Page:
Archive for category: Community

Recap: SharePoint Saturday 2015 in Antwerp, Belgium

20 Apr 2015
April 20, 2015

300 attendees on a Saturday – all “SharePoint-crazy”. Its my first visit to Belgium and I must say: I am impressed of the community and the spirit here. In the following I recap SharePoint Saturday 2015 in Antwerp.




From the start at 9:00am until the official end of SPSBE (SharePoint Saturday Belgium) at around 17:30 I had good fun. I apparently had to prepare my session on this Saturday, tests my demos and optimize my slides – so I could only attend one full session (see my summary here), but there was enough time for me to talk to community members, board members and other speakers – good times, good fun.

Some of the attendees stayed for the BBQ after the event – it was nice to share some ideas, get feedback – and well, the food was nice, too!

I must say, for a free event organized by a community, this was perfectly done – there is nothing I could rant about (and that’s almost impossible, because its free, right?). Good job @BIWUG (Belgian Information Worker User Group) – I am leaving Belgium impressed.

Thanks again to all the sponsors who made the event possible!

Speakers & Sessions

20 sessions and as many speakers from around the world attracted 300 attendees – not only from Belgium. In general the conferenced covered all kind of different topics, but the main themes were Office 365 with topics like development, governance, adoption, best practices, workflows, search, apps and solutions. Good stuff!

My Session: Search-Driven Applications with SharePoint 2013

I had a really good time presenting my content regarding Search-Driven Applications with SharePoint 2013 – I uploaded my slides, but the cool stuff is in the demos and I can’t make them available:

After the talk there were like 10 to 15 questions – some of them I would love to show you here:

Q: Do Query Variables work for Office 365 / SharePoint Online?

Yes, Query Variables are awesome and do work for SharePoint Online – see a reference here.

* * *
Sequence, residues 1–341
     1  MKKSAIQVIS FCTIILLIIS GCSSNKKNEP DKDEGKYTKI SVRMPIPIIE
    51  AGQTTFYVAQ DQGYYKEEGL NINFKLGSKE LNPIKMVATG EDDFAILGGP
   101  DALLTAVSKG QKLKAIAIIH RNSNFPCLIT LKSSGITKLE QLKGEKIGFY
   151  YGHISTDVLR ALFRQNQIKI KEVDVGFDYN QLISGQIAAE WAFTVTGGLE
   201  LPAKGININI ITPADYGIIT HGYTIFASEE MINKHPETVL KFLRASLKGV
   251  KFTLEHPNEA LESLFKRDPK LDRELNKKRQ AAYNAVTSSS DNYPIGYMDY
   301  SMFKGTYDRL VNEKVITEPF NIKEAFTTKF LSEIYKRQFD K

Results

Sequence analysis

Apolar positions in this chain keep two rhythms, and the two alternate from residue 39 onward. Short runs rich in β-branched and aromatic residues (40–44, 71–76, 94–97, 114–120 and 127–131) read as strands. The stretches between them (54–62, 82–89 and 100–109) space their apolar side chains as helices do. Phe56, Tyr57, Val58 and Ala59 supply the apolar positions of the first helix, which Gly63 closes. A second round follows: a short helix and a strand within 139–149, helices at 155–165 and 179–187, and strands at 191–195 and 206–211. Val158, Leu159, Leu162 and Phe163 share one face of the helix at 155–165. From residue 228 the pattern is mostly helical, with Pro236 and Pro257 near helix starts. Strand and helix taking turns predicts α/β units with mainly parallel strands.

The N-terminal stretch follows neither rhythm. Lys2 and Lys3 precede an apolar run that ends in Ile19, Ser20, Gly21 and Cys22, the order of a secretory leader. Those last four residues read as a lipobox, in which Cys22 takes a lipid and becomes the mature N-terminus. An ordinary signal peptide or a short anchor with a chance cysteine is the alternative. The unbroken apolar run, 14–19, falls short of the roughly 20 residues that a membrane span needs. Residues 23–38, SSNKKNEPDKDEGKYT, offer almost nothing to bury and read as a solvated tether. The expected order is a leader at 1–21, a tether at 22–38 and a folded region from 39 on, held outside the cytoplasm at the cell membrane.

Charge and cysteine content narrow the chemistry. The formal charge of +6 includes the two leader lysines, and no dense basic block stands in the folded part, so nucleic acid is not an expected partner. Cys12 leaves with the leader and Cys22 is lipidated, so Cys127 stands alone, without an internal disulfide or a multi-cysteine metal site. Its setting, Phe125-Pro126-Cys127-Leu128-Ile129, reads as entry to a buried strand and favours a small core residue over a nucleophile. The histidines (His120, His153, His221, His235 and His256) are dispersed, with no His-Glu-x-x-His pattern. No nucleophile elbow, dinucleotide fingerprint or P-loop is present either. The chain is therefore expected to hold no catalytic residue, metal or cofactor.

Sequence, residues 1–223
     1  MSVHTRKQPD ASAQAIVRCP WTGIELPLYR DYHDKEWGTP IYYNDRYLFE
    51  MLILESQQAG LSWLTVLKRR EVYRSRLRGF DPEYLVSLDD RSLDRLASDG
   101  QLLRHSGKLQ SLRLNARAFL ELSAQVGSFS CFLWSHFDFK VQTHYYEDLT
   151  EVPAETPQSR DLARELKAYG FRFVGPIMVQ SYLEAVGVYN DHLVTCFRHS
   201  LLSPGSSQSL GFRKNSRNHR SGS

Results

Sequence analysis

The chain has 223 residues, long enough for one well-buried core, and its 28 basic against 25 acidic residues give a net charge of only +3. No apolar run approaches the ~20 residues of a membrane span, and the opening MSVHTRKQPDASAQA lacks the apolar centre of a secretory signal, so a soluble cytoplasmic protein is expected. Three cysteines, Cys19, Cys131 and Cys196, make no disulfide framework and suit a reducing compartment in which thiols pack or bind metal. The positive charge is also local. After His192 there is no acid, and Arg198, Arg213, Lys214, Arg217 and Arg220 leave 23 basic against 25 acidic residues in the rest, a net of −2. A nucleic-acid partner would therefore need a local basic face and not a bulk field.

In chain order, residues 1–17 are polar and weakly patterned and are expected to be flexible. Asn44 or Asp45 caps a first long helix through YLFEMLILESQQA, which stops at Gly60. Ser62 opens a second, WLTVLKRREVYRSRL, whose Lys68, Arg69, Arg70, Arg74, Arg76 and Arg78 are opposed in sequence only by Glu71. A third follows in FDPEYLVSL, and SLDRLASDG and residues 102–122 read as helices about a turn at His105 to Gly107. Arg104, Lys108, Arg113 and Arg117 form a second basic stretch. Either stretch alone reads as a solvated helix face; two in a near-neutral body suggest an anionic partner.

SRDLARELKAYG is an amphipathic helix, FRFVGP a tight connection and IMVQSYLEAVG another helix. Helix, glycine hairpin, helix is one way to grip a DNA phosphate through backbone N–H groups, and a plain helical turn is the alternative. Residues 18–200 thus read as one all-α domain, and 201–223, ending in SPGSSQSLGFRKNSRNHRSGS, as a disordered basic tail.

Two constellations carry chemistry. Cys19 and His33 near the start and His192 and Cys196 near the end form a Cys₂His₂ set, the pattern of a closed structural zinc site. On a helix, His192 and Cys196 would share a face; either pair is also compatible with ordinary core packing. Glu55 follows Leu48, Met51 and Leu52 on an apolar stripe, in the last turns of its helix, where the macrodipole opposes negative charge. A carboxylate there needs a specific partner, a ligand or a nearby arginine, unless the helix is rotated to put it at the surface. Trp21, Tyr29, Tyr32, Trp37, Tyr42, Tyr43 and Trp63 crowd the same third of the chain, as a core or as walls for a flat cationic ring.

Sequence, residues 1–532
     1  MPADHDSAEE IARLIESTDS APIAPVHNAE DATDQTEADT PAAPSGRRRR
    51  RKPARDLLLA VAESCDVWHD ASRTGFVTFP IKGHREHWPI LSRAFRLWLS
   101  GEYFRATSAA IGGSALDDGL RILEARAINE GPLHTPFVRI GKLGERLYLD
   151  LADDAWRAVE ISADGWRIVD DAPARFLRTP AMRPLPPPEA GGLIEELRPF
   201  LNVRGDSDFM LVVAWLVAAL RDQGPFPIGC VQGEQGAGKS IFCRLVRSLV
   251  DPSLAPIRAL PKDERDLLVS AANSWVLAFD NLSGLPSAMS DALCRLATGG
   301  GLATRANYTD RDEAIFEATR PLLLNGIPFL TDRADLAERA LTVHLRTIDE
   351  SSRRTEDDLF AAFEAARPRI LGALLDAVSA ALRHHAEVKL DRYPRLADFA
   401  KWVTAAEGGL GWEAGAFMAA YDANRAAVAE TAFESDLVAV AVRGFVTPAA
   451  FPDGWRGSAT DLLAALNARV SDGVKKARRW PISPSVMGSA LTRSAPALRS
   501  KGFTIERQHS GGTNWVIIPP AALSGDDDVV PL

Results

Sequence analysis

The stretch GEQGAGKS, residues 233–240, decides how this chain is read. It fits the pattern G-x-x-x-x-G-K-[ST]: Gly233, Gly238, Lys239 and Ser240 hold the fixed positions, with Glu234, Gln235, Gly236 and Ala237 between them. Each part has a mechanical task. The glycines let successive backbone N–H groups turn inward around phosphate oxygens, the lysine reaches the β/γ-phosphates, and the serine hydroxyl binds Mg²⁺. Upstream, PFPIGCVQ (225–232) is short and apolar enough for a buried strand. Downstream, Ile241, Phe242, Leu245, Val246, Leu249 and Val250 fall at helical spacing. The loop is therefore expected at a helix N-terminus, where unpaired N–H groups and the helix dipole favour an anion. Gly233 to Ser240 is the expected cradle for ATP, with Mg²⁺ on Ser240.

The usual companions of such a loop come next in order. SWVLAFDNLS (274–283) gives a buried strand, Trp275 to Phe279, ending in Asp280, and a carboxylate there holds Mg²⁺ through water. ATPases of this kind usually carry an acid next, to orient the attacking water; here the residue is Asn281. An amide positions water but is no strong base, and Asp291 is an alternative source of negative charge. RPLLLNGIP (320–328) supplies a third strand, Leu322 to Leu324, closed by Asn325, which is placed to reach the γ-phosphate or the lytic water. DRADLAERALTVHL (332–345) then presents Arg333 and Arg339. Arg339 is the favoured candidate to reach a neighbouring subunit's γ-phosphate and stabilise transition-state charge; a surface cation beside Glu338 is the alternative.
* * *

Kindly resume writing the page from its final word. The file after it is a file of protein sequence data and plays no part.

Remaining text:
Q: How can I recrawl SharePoint Online User Profiles?

Once you changed the mapping of the managed properties, you need to tell SharePoint Online to recrawl the profiles. There is a PowerShell for that, see Mikael’s post.

Q: How to estimate and test load patterns for SharePoint search scenarios (e.g. in a publishing scenario)?

Estimation is tough, you need a lot of experience for that. And you need to know a lot upfront about the environment, the use cases, the users, … – if you don’t know that, you need to scale, test and adjust. One possible solution to test load patterns upfront is to use Visual Studio Test Manager and use the REST url to query for results. Then you can increase the load and see what could break and how to optimize.

Q: Some Chinese documents are not index properly, at least they are not presented to certain users. Why? 

I could only guess – multi-language is a complex topic. They guys tried a lot with forced language property, but without seeing and environment, well – good luck!

Q: Why didn’t you cover Display Templates in your session

Display Templates are awesome. Search is awesome. Apparently I only had 1 hour so I could not cover that much without loosing somewhere else. Of course they are an important part of a search-driven application that presents results within SharePoint. If you want to read more about Display Templates, go read Elio’s blog or Mikael’s blog – they have pretty good articles about them. Or look at my basic example here.


I totally enjoyed it – still I am a little tired because my friend Andy (@meligo) insisted to tour me around Antwerp! Thanks for having me! Smile

To sum it all up: That was my first international SharePoint Saturday – and it won’t be my last!

See you latest next year Belgium!

Improving SharePoint Search Experience – #SPSBE07

18 Apr 2015
April 18, 2015

I think its my first time that I attended a search session for business users/decision makers – interesting times here at SharePoint Saturday in Belgium. Here follows a summary for “Improve SharePoint Search Experience” in my words.

Speaker was Elio Struyf (@eliostruyf) – he has some nice blog posts about search, go read them!

Elio on stage

Improve for everybody, don’t forget the novice users